As K-12 leadership struggles to retain high-quality teachers, giving educators a voice and choice regarding which EdTech gets adopted is one crucial way to support them.
To win back more time for educators to focus on lesson planning or expand what they can get done in a day, K-12 administrators should develop an EdTech selection process that offers a feedback loop. To boost job satisfaction, administrators should aim to keep educators informed and give them a voice. To start, K-12 administrators can create surveys for educators to share tools they’ve discovered that others might find beneficial. Also, when administrators find a promising educational solution, they could have a group of volunteer teachers test run and report back their findings before considering a school-wide or district-wide deployment.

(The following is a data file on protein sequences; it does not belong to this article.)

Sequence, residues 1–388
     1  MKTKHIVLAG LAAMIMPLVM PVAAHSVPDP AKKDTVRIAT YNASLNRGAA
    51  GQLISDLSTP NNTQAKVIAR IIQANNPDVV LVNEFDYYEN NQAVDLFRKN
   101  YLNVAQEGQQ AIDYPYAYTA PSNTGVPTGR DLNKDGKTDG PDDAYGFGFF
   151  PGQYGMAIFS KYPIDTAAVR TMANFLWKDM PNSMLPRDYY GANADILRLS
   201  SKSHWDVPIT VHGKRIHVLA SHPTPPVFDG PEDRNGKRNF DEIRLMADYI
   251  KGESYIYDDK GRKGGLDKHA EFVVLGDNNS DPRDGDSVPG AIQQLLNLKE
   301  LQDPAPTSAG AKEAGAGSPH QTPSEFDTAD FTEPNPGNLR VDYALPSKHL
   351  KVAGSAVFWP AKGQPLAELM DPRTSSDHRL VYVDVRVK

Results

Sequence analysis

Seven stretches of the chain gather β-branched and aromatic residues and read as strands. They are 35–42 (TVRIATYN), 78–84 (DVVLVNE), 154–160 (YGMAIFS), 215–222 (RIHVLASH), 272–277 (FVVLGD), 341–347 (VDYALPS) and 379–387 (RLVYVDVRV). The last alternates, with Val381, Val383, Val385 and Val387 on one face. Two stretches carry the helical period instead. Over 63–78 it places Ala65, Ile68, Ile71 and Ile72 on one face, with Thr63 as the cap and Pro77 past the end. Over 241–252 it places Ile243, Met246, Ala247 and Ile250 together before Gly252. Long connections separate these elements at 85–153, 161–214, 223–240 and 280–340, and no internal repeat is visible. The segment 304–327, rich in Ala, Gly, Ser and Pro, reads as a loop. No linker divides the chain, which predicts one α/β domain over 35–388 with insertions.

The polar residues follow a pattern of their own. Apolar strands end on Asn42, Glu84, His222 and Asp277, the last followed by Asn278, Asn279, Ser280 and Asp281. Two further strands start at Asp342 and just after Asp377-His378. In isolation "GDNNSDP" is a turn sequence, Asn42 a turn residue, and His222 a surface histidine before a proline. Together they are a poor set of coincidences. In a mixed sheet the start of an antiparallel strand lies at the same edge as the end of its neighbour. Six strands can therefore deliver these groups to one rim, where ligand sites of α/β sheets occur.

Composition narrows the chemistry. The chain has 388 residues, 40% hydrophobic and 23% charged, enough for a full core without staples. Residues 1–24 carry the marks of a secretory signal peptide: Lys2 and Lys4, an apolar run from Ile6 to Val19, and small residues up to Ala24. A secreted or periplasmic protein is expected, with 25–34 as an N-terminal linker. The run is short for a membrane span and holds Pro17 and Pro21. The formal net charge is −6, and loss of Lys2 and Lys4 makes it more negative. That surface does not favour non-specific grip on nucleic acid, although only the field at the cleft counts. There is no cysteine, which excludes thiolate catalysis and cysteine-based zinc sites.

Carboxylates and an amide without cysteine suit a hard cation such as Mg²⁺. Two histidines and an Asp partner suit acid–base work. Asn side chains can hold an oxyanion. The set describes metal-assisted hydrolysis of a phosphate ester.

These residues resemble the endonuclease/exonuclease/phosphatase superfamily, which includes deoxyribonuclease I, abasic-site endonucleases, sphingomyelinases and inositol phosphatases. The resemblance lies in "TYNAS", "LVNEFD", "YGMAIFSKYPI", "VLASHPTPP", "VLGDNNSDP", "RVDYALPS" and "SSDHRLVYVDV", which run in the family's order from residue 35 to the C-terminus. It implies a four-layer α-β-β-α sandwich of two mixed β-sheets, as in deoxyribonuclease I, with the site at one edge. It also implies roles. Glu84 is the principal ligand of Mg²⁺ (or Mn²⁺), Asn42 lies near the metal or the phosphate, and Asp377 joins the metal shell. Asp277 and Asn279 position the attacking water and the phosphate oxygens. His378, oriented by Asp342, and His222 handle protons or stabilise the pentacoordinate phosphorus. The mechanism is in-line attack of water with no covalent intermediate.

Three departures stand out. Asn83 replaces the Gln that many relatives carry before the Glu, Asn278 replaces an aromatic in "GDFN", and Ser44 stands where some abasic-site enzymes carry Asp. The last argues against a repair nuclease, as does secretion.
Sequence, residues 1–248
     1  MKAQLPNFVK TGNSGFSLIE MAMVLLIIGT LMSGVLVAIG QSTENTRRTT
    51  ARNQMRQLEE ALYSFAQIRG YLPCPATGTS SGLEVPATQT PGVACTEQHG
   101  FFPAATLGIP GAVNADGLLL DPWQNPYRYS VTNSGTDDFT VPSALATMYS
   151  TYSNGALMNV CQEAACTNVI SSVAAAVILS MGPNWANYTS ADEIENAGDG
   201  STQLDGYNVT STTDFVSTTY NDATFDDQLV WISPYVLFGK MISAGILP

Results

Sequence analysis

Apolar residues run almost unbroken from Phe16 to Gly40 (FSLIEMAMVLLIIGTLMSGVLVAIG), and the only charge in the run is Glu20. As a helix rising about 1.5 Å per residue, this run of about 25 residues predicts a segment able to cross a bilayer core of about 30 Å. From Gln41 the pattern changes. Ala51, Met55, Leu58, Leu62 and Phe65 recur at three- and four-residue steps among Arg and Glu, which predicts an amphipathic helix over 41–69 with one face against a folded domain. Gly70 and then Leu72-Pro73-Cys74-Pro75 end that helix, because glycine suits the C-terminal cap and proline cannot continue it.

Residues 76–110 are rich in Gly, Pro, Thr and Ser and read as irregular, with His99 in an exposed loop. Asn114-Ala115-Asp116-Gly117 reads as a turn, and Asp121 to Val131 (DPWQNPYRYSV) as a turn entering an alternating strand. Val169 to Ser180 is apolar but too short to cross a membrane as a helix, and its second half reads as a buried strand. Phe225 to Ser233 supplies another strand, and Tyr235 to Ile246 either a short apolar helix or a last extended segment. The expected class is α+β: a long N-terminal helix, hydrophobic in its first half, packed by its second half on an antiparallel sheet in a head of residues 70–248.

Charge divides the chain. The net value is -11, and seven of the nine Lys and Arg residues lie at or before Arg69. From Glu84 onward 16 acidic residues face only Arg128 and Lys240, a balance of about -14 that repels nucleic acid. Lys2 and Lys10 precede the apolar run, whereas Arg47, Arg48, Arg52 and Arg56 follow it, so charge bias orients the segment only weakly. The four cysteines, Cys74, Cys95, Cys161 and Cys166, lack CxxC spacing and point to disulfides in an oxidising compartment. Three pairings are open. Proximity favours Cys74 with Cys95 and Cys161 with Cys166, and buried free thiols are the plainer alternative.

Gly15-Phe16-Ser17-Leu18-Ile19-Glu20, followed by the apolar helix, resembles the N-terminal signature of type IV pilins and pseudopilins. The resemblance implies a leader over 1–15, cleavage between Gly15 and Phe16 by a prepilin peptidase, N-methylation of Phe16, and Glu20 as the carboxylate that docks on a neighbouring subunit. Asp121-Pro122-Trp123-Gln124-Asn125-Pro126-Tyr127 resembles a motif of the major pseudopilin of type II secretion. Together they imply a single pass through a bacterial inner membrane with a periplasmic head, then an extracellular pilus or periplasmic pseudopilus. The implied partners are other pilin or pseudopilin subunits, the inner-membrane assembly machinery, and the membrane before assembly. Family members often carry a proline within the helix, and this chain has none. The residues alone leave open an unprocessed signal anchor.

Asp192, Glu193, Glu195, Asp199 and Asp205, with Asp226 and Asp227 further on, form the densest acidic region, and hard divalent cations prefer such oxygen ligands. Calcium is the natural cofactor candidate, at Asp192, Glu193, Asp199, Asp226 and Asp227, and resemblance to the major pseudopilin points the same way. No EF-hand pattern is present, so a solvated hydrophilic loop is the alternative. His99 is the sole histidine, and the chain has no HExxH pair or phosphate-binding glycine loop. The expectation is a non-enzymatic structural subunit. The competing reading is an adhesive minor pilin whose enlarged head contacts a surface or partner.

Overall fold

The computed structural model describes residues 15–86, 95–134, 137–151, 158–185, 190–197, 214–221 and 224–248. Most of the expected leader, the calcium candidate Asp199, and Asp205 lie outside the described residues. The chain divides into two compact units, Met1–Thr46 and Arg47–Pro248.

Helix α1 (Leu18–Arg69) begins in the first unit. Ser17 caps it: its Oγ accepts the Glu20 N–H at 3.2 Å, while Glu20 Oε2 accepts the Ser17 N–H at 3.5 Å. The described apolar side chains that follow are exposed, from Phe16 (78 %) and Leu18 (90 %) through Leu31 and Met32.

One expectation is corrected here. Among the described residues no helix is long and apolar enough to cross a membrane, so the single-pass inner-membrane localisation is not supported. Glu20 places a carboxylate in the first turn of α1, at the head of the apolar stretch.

- 46% of educators bring digital tools into their classrooms that they’ve discovered themselves.
- 25% of educators spend about three or more hours per week searching for new teaching tools.
- 25% of K-12 leadership say they either frequently or sometimes involve educators in their EdTech selections.
- Only 30% of teachers say that leadership includes them in EdTech decision-making.
- 44% of teachers share that their main source of new teaching resources was other teachers.
- Only 18% relied on tools promoted by K-12 administrators.